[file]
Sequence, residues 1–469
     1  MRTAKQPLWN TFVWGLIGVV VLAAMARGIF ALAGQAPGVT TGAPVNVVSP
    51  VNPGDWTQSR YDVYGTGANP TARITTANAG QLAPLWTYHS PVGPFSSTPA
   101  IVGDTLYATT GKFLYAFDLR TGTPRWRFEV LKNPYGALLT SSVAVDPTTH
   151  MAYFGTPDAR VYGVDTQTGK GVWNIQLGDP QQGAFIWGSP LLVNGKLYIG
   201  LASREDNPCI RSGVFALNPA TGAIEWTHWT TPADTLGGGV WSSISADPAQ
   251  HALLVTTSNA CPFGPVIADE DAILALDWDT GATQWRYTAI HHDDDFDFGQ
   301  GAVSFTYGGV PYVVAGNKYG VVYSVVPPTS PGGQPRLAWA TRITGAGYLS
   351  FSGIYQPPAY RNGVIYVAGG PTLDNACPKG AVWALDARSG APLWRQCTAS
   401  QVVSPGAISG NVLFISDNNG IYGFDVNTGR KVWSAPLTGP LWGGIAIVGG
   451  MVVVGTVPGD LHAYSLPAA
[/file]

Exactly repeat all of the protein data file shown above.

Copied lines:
Sequence, residues 1–469
     1  MRTAKQPLWN TFVWGLIGVV VLAAMARGIF ALAGQAPGVT TGAPVNVVSP
    51  VNPGDWTQSR YDVYGTGANP TARITTANAG QLAPLWTYHS PVGPFSSTPA
   101  IVGDTLYATT GKFLYAFDLR TGTPRWRFEV LKNPYGALLT SSVAVDPTTH
   151  MAYFGTPDAR VYGVDTQTGK GVWNIQLGDP QQGAFIWGSP LLVNGKLYIG
   201  LASREDNPCI RSGVFALNPA TGAIEWTHWT TPADTLGGGV WSSISADPAQ
   251  HALLVTTSNA CPFGPVIADE DAILALDWDT GATQWRYTAI HHDDDFDFGQ
   301  GAVSFTYGGV PYVVAGNKYG VVYSVVPPTS PGGQPRLAWA TRITGAGYLS
   351  FSGIYQPPAY RNGVIYVAGG PTLDNACPKG AVWALDARSG APLWRQCTAS
   401  QVVSPGAISG NVLFISDNNG IYGFDVNTGR KVWSAPLTGP LWGGIAIVGG
   451  MVVVGTVPGD LHAYSLPAA